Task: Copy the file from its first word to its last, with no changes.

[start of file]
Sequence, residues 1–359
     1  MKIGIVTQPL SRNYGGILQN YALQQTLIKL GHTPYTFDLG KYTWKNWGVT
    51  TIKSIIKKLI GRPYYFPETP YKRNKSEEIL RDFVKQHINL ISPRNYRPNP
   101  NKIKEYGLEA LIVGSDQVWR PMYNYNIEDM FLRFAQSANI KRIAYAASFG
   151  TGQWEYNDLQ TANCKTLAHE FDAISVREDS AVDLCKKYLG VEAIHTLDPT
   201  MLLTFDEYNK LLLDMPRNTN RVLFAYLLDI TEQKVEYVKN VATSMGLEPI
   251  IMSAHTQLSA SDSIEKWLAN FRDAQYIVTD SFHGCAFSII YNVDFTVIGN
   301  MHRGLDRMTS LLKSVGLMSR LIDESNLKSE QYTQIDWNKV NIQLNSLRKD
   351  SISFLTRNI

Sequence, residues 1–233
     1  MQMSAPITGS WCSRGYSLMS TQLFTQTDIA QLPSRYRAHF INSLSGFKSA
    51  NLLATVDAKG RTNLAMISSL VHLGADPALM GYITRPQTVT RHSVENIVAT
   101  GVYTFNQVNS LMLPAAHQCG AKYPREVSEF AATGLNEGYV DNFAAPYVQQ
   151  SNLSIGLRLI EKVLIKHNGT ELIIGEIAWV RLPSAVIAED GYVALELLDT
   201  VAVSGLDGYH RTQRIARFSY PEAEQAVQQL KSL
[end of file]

Sequence, residues 1–359
     1  MKIGIVTQPL SRNYGGILQN YALQQTLIKL GHTPYTFDLG KYTWKNWGVT
    51  TIKSIIKKLI GRPYYFPETP YKRNKSEEIL RDFVKQHINL ISPRNYRPNP
   101  NKIKEYGLEA LIVGSDQVWR PMYNYNIEDM FLRFAQSANI KRIAYAASFG
   151  TGQWEYNDLQ TANCKTLAHE FDAISVREDS AVDLCKKYLG VEAIHTLDPT
   201  MLLTFDEYNK LLLDMPRNTN RVLFAYLLDI TEQKVEYVKN VATSMGLEPI
   251  IMSAHTQLSA SDSIEKWLAN FRDAQYIVTD SFHGCAFSII YNVDFTVIGN
   301  MHRGLDRMTS LLKSVGLMSR LIDESNLKSE QYTQIDWNKV NIQLNSLRKD
   351  SISFLTRNI

Sequence, residues 1–233
     1  MQMSAPITGS WCSRGYSLMS TQLFTQTDIA QLPSRYRAHF INSLSGFKSA
    51  NLLATVDAKG RTNLAMISSL VHLGADPALM GYITRPQTVT RHSVENIVAT
   101  GVYTFNQVNS LMLPAAHQCG AKYPREVSEF AATGLNEGYV DNFAAPYVQQ
   151  SNLSIGLRLI EKVLIKHNGT ELIIGEIAWV RLPSAVIAED GYVALELLDT
   201  VAVSGLDGYH RTQRIARFSY PEAEQAVQQL KSL